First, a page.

Medieval standing cross known as the Hurl Stone, 900m north west of Newtown Mill


Heritage Category: Scheduled Monument

List Entry Number: 1015479

Date first listed: 26-Nov-1932

Date of most recent amendment: 27-Aug-1996


Ordnance survey map of Medieval standing cross known as the Hurl Stone, 900m north west of Newtown Mill
© Crown Copyright and database right 2018. All rights reserved. Ordnance Survey Licence number 100024900.
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The building or site itself may lie within the boundary of more than one authority.

District: Northumberland (Unitary Authority)

Parish: Lilburn

National Grid Reference: NU 03953 24716


Legacy Record - This information may be included in the List Entry Details.

Reasons for Designation

A standing cross is a free standing upright structure, usually of stone, mostly erected during the medieval period (mid 10th to mid 16th centuries AD). Standing crosses served a variety of functions. In churchyards they served as stations for outdoor processions, particularly in the observance of Palm Sunday. Elsewhere, standing crosses were used within settlements as places for preaching, public proclamation and penance, as well as defining rights of sanctuary. Standing crosses were also employed to mark boundaries between parishes, property, or settlements. A few crosses were erected to commemorate battles. Some crosses were linked to particular saints, whose support and protection their presence would have helped to invoke. Crosses in market places may have helped to validate transactions. After the Reformation, some crosses continued in use as foci for municipal or borough ceremonies, for example as places for official proclamations and announcements; some were the scenes of games or recreational activity. Standing crosses were distributed throughout England and are thought to have numbered in excess of 12,000. However, their survival since the Reformation has been variable, being much affected by local conditions, attitudes and religious sentiment. In particular, many cross-heads were destroyed by iconoclasts during the 16th and 17th centuries. Less than 2,000 medieval standing crosses, with or without cross-heads, are now thought to exist. The oldest and most basic form of standing cross is the monolith, a stone shaft often set directly in the ground without a base. The most common form is the stepped cross, in which the shaft is set in a socket stone and raised upon a flight of steps; this type of cross remained current from the 11th to 12th centuries until after the Reformation. Where the cross-head survives it may take a variety of forms, from a lantern-like structure to a crucifix; the more elaborate examples date from the 15th century. Much less common than stepped crosses are spire-shaped crosses, often composed of three or four receding stages with elaborate architectural decoration and/or sculptured figures; the most famous of these include the Eleanor crosses, erected by Edward I at the stopping places of the funeral cortege of his wife, who died in 1290. Also uncommon are the preaching crosses which were built in public places from the 13th century, typically in the cemeteries of religious communities and cathedrals, market places and wide thoroughfares; they include a stepped base, buttresses supporting a vaulted canopy, in turn carrying either a shaft and head or a pinnacled spire. Standing crosses contribute significantly to our understanding of medieval customs, both secular and religious, and to our knowledge of medieval parishes and settlement patterns. All crosses which survive as standing monuments, especially those which stand in or near their original location, are considered worthy of protection.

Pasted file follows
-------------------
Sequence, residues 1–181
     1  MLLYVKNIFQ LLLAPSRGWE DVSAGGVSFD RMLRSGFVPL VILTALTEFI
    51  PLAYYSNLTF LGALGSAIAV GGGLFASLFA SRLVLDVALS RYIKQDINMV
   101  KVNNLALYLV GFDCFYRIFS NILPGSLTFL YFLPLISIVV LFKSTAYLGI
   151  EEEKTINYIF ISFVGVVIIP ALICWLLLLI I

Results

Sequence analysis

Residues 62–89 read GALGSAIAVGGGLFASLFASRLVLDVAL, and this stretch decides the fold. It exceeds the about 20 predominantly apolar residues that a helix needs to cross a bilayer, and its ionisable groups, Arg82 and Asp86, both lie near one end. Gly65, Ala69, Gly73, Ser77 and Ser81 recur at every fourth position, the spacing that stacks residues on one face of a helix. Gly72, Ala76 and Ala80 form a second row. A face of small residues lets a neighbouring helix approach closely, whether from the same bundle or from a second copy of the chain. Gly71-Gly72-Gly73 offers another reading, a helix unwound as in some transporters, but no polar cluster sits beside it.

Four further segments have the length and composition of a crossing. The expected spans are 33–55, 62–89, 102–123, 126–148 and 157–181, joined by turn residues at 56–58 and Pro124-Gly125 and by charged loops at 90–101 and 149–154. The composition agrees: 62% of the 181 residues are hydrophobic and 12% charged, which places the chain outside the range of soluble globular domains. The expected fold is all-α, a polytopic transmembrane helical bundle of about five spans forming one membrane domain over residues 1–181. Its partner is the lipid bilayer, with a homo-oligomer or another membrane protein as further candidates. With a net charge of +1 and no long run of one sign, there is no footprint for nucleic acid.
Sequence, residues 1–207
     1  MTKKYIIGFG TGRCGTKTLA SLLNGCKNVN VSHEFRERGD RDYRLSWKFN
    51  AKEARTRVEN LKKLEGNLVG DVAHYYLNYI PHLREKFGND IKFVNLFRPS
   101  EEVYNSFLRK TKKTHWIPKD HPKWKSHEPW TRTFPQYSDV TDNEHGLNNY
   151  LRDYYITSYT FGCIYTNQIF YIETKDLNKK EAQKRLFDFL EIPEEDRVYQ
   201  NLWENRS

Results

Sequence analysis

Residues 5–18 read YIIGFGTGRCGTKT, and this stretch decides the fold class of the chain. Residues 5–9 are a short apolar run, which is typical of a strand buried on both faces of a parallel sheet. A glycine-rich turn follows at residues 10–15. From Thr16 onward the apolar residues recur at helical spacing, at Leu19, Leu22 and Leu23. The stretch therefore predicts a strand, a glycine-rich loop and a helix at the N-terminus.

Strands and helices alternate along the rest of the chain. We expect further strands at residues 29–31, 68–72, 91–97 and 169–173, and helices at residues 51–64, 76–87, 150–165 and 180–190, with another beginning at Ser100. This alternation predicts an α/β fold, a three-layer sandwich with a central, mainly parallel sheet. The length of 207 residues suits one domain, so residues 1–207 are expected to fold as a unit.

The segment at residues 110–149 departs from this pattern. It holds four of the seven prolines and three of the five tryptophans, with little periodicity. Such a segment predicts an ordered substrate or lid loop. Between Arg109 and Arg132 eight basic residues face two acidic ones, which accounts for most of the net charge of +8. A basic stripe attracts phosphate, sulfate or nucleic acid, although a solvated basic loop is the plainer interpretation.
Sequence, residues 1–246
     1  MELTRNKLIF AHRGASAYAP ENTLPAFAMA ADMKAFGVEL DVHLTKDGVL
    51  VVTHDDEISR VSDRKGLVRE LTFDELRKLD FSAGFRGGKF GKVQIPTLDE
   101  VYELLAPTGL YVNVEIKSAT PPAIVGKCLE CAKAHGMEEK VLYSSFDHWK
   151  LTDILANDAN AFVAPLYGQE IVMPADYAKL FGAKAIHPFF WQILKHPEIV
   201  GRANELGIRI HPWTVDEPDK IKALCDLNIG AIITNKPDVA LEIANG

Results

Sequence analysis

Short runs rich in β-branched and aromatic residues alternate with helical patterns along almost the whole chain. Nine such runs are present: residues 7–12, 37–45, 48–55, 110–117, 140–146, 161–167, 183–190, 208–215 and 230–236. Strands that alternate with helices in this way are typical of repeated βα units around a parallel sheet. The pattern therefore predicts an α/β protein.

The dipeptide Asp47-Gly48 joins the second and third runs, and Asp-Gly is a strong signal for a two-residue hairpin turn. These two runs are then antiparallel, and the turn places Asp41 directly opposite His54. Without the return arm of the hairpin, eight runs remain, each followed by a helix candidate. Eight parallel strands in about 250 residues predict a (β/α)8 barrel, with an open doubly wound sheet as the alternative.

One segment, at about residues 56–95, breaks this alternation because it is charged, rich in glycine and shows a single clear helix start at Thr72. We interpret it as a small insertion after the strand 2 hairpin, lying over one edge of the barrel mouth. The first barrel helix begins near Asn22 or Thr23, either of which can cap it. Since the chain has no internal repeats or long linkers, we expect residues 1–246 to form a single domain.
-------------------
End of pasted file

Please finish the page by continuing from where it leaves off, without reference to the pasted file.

The Hurl Stone early medieval standing cross survives reasonably well and is a prominent landscape feature.


Legacy Record - This information may be included in the List Entry Details.


The monument includes the shaft of a standing cross of medieval date situated in a prominent position on top of a small hill near Newtown; there are extensive views in all directions. It consists of a tapering cross shaft, square in section, which measures 0.5m by 0.36m at the base, and stands c.4m high. The stone is set into a rectangular socket stone, 1.4m by 1.5m, which stands 0.46m high. The shaft does not appear to have been carved with any decorative motifs and only bears later graffiti carved on some faces. The history of the stone is somewhat uncertain: this might be its original position or it may have been moved from a site near the road. It is known to have been erected in the socket stone in the early 19th century after the upper portion was struck off by lightning and this may be commemorated by the date 1838 and a cross symbol which is carved in one face. The socket stone stands in the centre of a low circular earth mound 7m in diameter and 0.1m to 0.2m high.

MAP EXTRACT The site of the monument is shown on the attached map extract. It includes a 2 metre boundary around the archaeological features, considered to be essential for the monument's support and preservation.


The contents of this record have been generated from a legacy data system.

Legacy System number: 29301

Legacy System: RSM


Books and journals
Dodds, M H, A History of Northumberland, (1935), 323-324
NU 02 SW 7,

End of official listing